Communicating across cultures, so nothing is lost in translation

Image“Exactly how many characters are in the Chinese language?” Ming Lee laughed and replied, “Over 50,000. But, only 3,500 characters are used in the everyday Chinese language. So, things can get lost in translation if one doesn’t listen.” This is one of the many fascinating cultural communication lessons I learned in a one-on-one conversation with new friend, Ming Lee, from Hanyang University in South Korea. Ming Lee is a fellow graduate student studying communications at the university.

During a break-out group session, working with the other communication graduate students at Hanyang University, I really learned what it meant to be an authentic communicator in a cultural setting.  In the project, we were assigned to put together a public relations plan for a local Korean business. The challenge set before us was communicating across the langue barriers. For my cohort peers and myself, we knew very little Korean. For the Korean university students, they knew English, but were nervous to communicate in English with us. In order to help break up the barrier of language, throughout the day, we were able to get to know each other and find common interests to assist with overcoming the language barrier, so we could unite and complete the task set before us. Once my group completed the project, having patience, speaking slowly and clearly, actively listening, and keeping an open two-way communication dialogue between all group members were essentially the keys to building and having effective communication.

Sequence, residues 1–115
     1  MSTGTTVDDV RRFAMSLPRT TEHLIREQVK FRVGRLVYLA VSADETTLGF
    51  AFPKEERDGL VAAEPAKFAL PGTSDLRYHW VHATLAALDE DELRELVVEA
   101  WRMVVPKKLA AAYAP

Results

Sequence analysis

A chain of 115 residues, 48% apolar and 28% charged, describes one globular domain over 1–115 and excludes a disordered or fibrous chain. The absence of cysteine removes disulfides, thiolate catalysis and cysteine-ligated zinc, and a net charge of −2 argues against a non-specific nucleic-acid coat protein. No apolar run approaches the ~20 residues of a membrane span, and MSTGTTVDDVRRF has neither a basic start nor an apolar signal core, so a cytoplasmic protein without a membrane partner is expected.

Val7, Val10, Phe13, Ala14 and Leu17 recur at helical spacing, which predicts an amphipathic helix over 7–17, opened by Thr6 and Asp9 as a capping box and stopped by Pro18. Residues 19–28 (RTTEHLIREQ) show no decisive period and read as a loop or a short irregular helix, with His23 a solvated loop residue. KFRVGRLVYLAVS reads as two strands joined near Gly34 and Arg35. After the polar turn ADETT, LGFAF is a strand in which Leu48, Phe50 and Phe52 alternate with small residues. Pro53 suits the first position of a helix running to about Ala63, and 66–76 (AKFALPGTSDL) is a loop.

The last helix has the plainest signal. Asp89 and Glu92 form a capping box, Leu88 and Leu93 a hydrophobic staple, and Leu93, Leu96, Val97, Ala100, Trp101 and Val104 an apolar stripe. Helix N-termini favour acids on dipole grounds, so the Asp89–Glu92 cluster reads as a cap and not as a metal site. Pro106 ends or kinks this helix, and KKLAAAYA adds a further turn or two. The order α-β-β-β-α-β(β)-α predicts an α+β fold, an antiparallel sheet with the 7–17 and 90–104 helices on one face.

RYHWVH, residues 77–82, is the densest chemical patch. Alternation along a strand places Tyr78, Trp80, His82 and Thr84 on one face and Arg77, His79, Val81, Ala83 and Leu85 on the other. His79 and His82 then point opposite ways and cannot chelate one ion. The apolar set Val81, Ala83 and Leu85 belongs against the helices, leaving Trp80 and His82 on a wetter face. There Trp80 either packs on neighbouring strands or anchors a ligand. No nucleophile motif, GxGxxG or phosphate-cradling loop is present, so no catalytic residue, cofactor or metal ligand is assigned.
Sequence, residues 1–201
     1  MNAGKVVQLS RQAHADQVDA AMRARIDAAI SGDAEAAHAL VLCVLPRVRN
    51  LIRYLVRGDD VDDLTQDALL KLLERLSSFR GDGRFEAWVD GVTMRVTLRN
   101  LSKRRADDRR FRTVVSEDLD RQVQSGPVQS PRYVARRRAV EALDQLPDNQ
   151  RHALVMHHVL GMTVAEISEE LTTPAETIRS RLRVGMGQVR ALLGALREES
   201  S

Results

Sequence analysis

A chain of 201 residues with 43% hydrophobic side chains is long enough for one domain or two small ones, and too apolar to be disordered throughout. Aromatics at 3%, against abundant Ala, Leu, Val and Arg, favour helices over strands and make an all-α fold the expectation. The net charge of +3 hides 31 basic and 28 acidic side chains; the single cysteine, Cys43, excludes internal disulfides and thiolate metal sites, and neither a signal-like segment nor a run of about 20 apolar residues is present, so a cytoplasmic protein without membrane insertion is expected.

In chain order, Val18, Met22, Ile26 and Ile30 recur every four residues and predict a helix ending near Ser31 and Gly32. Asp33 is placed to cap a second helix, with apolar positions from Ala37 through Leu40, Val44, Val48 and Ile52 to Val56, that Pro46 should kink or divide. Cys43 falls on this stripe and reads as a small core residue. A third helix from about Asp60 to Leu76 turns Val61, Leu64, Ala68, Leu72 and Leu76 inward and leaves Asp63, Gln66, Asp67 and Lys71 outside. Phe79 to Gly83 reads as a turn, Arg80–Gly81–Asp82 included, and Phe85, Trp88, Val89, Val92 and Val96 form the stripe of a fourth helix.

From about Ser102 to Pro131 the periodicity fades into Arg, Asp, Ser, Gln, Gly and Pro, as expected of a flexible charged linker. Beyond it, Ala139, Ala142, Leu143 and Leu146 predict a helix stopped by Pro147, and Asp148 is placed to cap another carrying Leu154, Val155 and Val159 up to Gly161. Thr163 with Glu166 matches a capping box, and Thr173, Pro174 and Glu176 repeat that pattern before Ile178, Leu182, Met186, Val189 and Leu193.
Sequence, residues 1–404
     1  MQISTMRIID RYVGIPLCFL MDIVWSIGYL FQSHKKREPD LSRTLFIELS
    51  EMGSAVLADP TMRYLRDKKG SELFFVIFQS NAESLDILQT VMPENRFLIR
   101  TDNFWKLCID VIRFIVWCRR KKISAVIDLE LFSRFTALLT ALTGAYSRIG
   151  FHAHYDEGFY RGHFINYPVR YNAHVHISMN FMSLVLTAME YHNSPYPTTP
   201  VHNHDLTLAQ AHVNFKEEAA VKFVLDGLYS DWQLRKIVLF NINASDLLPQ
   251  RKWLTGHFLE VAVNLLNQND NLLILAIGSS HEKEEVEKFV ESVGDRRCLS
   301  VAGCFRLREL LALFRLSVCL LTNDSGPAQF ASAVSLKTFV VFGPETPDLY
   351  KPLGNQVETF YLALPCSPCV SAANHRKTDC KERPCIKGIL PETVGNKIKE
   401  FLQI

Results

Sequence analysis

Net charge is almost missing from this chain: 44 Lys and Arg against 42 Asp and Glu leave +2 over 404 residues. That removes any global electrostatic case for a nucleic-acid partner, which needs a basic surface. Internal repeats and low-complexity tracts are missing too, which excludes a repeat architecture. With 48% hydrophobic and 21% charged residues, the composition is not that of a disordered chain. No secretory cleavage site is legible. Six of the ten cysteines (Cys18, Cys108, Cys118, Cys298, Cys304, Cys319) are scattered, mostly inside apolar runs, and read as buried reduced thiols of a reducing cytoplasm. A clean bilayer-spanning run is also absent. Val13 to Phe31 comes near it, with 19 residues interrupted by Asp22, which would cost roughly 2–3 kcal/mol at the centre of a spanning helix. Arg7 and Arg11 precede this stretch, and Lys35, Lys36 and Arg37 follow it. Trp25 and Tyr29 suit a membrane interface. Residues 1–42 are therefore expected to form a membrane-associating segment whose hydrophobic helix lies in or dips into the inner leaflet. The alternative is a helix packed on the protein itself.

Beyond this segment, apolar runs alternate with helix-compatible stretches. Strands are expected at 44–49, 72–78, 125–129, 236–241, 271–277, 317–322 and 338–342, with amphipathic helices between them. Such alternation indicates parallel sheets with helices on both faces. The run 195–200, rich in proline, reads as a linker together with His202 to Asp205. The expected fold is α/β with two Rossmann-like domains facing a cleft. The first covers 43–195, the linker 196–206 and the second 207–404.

Visiting the public affairs office of the U.S. Army branch in South Korea, the three-star General Champoux explained that one of the most important aspects of communicating across cultures is cultural sensitivity and awareness. General Champoux explained that cultural sensitivity and awareness are at the foundations of effective communication in the international realm. Also as a communicator, one must understand that culture tends to shape perceptions and reactions. Therefore, having cultural competence will create more meaningful interactions with people from different cultures and being a communicator that resonates with the audience in which they are communicating with. In the same light, visiting with multinational public relations firm Edelman Korea, the managing director and senior director provided practical advice in communicating globally. Stating that global communications takes time, patience, and sensitivity in order to sustain success and effectively deliver the message to a global audience.

Overall, to be effective and successful at communication on an international level, it is integral to keep cultural awareness and sensitivity at the center of communication practices, process, and relationship building.



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